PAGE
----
Pearly gates of heaven

Does personal experience show there’s life after death?

Near death experiences (NDEs)

NDEs are sometimes reported when people survive cardiac arrest. While unconscious and apparently “brain dead”, they have an experience of leaving their body and travelling to a beautiful place, only to return again when they are revived. They may see relatives who have died, spiritual beings, or a bright light which some interpret as God. I have examined NDEs in greater depth in Near death experiences (NDEs).

About 10-15% of people revived after cardiac arrest report NDE experiences, which they generally feel are intense, overwhelming and real. So it is not surprising that those who have these experiences tend to come back to their normal life as changed people. Their behaviour will often change in positive ways (they become more peaceful, accepting or loving) and priorities may be different (they may be less materialistic and more altruistic).

And they sometimes interpret their experiences as being a foretaste of life after death.

Is an NDE an experience of heaven?

This interpretation is hotly debated. True believers point to cases where the patient apparently saw and heard things in the operating theatre that they could never have seen naturally. While in a deep coma or “brain dead”, brain function and memory should be so impaired that such recall should be impossible naturally. And they point out that people from all over the word, from different cultures and religions, even children, have very similar experiences.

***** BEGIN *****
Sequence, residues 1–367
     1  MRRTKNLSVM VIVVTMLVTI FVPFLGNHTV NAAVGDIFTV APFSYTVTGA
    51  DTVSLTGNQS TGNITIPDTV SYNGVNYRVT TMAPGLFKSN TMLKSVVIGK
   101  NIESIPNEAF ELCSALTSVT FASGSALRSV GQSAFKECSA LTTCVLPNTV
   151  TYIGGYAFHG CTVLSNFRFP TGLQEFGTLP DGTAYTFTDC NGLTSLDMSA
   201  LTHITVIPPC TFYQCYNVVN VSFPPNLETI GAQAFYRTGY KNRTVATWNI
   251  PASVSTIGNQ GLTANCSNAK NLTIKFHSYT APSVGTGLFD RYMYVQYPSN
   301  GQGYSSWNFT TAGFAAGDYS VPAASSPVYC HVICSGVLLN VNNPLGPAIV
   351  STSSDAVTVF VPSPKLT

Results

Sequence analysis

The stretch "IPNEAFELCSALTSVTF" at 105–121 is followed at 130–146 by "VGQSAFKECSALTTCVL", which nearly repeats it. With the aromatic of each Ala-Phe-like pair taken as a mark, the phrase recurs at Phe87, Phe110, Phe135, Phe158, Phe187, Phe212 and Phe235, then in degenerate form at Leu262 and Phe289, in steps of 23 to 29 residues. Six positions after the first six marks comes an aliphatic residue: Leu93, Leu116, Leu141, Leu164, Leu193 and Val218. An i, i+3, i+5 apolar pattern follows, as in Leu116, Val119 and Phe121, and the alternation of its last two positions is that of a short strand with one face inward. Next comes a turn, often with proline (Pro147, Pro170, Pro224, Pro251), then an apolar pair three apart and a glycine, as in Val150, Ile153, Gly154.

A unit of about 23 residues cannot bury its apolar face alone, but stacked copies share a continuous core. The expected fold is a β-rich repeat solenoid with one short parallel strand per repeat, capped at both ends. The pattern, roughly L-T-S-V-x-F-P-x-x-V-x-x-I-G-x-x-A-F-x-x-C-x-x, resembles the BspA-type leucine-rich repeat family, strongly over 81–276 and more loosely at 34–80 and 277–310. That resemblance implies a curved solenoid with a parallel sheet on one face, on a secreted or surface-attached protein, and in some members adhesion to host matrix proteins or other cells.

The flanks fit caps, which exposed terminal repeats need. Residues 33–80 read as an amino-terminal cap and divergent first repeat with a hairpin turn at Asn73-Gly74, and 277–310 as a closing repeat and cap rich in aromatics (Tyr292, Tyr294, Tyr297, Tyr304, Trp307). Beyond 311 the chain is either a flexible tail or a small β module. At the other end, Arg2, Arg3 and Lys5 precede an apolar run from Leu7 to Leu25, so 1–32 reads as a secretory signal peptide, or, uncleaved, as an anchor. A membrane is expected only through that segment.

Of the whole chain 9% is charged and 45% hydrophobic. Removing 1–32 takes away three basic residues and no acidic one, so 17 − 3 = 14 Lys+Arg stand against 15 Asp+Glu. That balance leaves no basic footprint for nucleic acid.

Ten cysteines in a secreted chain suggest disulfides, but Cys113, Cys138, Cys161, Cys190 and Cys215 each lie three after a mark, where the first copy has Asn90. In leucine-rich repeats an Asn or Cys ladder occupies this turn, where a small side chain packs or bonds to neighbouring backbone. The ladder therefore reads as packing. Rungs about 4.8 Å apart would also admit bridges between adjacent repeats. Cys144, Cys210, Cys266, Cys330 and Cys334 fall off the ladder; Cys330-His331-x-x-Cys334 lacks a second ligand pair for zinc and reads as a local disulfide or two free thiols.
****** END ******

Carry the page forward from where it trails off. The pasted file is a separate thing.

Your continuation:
Sceptics, on the other hand, say NDEs occur when the brain is still able to function. They say there are neurological causes that can explain the experiences. When the brain is under stress and experiencing oxygen depletion, there is a spike in emergency activity. This can lead to the release of neurochemicals, REM intrusion (a waking form of dreaming) or the stimulation of the temporoparietal junction of the brain. Any of these can cause hallucinations.

For reasons given in Near death experiences (NDEs), I believe something unusual and beyond our current scientific explanations is happening in NDEs. But I don’t believe we can infer that a real heaven is being visited. Nevertheless, many people see NDEs as evidence of life after death.

Past lives?

Buddhists and Hindus (and others) believe in reincarnation, the idea that the “non-physical essence of a living being starts a new life in a different physical form or body after biological death”. Believers in those religions believe in that form of life after death because that is what their religion teaches. However there is less evidence offered for this than, say, the historical evidence christians offer for the resurrection of Jesus.

Modern westerners have examined the evidence for reincarnation in the last century. A lot of evidence has been collected from people who “remember” living as a different person in the past. There are main two different types of evidence.